April 30, 2013
Virginia rowing senior co-captain Betsy Nilan (Milford, Conn.) recently sat down with VirginiaSports.com to talk about the pressure on the team to repeat as national champions, her plans after UVa and more.
Question: What are your overall thoughts on the team's success this year?
Nilan: After San Diego, we came back and we knew what we had to do. We knew we had to change things and had to move forward. We know we aren't ranked No. 1 right now and we know the target isn't on us; it's probably on other schools. We're trying to figure out where to get that speed in the next month and I really think the coaches have come together, come up with a good solution for that and I feel everyone is on board. Everyone is going to do what they can to compete for that national title, so it's really encouraging when we don't win a race and we are able to come together and still be so hungry to win. Our saying right now is, `Everyday, let's go to the hurt locker.' During our race our coxswain made a call and it was `we're entering the hurt locker right now so go for it.' We ended up winning that race, which felt so good. I feel like that's our attitude right now, it doesn't matter how we feel in the next month, beat us up and we'll do whatever it takes.
Question: Do you think winning the NCAA title last year adds pressure on this year's team?
Nilan: I think it does. A lot of other people think it gives us extra pressure than it actually does. It means that we have to step up, because we know people are watching us. That's a little challenging, but we have to try and stay within in our team and do what we have to do without thinking about other people's judgments.
Question: How would you describe your four years at UVa?
Nilan: I love racing. Coming together on race day just means everything and all of my hard work is finally paying off. This year was the first year I was able to race in an NCAA boat. I raced in the 2V8 (Second Varsity Eight) in the fall and now V4 (Varsity Four) in the spring, so the pressure's on, as I want to graduate rowing at an NCAA championship. Things can change, but I'm so determined that I think I will be able to make it happen.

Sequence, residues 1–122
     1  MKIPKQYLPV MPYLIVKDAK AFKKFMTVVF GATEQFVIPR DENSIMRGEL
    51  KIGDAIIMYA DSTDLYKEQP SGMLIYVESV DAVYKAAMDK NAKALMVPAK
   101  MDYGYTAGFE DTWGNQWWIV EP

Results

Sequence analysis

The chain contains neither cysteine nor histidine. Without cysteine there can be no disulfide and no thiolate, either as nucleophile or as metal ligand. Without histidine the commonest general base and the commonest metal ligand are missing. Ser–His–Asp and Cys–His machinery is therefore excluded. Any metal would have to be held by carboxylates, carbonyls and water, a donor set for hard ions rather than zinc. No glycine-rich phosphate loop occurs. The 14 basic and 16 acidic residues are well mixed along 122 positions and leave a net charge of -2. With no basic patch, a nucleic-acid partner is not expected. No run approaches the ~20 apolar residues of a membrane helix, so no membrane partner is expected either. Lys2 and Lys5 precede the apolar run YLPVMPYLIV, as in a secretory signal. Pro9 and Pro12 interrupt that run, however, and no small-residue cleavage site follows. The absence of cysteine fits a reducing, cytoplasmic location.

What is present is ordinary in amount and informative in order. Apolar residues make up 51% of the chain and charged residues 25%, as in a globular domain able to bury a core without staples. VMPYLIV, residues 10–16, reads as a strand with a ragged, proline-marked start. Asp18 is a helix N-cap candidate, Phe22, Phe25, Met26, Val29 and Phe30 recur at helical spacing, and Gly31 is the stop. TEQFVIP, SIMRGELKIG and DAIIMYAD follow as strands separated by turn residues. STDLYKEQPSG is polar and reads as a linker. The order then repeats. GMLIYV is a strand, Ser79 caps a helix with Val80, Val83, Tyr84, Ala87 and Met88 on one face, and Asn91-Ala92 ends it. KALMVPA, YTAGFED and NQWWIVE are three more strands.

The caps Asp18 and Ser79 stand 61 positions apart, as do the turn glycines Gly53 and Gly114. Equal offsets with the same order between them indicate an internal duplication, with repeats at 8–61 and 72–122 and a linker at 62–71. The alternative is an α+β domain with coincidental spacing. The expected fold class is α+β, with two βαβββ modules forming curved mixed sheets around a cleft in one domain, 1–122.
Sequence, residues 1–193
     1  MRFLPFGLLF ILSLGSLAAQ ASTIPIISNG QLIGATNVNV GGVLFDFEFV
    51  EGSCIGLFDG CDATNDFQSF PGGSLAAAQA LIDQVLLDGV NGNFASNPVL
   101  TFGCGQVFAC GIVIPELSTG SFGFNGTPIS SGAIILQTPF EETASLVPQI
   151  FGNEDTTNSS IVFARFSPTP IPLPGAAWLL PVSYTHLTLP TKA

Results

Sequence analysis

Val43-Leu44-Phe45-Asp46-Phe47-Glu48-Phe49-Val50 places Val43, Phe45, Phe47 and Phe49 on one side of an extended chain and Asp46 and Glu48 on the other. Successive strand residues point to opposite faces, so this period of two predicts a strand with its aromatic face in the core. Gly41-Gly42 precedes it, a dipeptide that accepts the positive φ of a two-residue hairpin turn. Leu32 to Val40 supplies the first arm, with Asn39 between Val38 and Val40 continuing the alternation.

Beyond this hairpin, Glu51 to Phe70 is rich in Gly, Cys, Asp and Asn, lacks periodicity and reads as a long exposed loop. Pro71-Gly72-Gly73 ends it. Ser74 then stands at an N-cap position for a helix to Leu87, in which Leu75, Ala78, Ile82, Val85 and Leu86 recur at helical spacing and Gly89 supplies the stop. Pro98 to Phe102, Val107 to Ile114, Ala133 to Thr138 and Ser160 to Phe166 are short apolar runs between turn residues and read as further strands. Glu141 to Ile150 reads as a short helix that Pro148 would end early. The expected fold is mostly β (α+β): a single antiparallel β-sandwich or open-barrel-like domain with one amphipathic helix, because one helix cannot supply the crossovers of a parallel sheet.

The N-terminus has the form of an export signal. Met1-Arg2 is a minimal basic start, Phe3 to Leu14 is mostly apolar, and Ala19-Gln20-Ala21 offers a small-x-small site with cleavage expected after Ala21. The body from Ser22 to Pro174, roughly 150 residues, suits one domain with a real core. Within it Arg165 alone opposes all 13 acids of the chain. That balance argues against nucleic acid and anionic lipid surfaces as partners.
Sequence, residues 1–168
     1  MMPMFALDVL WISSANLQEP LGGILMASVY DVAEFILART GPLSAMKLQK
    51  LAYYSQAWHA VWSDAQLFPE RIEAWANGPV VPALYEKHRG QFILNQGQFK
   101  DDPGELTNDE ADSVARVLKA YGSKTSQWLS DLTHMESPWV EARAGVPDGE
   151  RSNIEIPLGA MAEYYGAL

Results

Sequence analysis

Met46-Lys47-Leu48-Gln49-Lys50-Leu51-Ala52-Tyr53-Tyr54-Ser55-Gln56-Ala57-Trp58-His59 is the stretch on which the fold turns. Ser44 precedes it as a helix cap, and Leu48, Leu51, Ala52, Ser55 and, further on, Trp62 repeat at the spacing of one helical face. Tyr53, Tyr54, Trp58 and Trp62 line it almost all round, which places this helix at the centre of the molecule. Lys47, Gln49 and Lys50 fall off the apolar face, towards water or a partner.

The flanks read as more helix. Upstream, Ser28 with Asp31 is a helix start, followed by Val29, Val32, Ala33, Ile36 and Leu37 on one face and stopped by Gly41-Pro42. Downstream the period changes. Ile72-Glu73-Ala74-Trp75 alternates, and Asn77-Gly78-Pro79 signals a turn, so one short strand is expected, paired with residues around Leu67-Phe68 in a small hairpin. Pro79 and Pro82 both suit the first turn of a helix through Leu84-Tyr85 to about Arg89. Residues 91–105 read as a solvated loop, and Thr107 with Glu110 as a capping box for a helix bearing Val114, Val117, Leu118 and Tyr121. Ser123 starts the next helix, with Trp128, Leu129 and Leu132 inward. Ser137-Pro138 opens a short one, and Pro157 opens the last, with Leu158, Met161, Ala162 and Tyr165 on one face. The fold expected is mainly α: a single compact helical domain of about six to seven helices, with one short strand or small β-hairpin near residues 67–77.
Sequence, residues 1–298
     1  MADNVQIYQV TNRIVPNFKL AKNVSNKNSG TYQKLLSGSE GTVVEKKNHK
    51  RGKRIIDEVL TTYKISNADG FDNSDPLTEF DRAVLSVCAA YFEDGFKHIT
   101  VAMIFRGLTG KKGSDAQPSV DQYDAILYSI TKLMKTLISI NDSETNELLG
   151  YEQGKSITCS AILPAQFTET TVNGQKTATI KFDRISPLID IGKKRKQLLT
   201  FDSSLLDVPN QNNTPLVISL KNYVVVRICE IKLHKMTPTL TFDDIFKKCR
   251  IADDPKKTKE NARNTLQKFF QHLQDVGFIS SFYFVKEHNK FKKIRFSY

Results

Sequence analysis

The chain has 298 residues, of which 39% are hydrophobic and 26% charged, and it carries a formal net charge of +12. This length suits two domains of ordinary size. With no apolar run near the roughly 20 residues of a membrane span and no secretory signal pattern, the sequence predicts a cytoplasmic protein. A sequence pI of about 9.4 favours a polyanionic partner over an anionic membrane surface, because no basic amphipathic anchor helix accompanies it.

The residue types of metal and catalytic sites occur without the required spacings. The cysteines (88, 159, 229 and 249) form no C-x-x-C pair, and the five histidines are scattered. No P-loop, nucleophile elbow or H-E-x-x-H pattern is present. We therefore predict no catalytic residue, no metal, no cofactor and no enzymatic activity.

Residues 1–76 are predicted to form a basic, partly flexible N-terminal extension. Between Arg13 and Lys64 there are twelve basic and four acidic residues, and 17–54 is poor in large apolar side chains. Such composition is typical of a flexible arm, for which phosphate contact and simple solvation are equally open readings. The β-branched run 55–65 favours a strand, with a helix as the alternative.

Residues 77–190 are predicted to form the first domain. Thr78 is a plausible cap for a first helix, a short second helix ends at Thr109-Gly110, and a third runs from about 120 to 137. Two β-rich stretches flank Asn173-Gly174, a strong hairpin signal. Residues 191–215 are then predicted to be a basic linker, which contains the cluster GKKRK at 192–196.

Question: How has it been having your younger sister (Mary) on the team?
Nilan: It's been so great. I cannot imagine a life without my sister here to be honest. She's my best friend and in my second year when she came here it was just so fun. It's actually going to be really sad next year when we're not together for the first time since I went away to college that one year she was home.
Question: What has been your favorite class at UVa?
Nilan: I'm taking a women's gender studies independent study and my topic is `Health Care, Women in Poverty, and their Access to Affordable Health Care.' I've been reading books, doing research and now I'm about to go out into Charlottesville and do some field work, but it's really interesting. I'm really interested in women's rights and unfortunately; I just figured that out this year, so I'm sad that I'm actually leaving.
Question: What is next for you after UVa?
Nilan: I was just accepted into the UK Fellows program, so I will be moving to England in early September to teach geography and coach rowing at Bryanston Boarding School in Dorset, England.
Question: What is the biggest that you have learned from the Virginia coaching staff that you will teach young rowers in England?
Nilan: Definitely attitudes. One thing Coach (Kevin) Sauer is really good about is that rowing is a passion and you're supposed to have many passions in life, but rowing is only one of them. Family, faith and school are a few examples. Yes, rowing is important, and sometimes I've caught myself putting rowing before other things in my life, but you have to manage your priorities. It just takes the pressure off when he says rowing isn't the most important thing in your life. I think bringing that to Bryanston and not being all about pulling down that split time, but being a good person and well rounded is just as important.
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A 1985 graduate of UVA, White worked at the Richmond Times-Dispatch until July 2009. He was honored six times as the state's Sportswriter of the Year.
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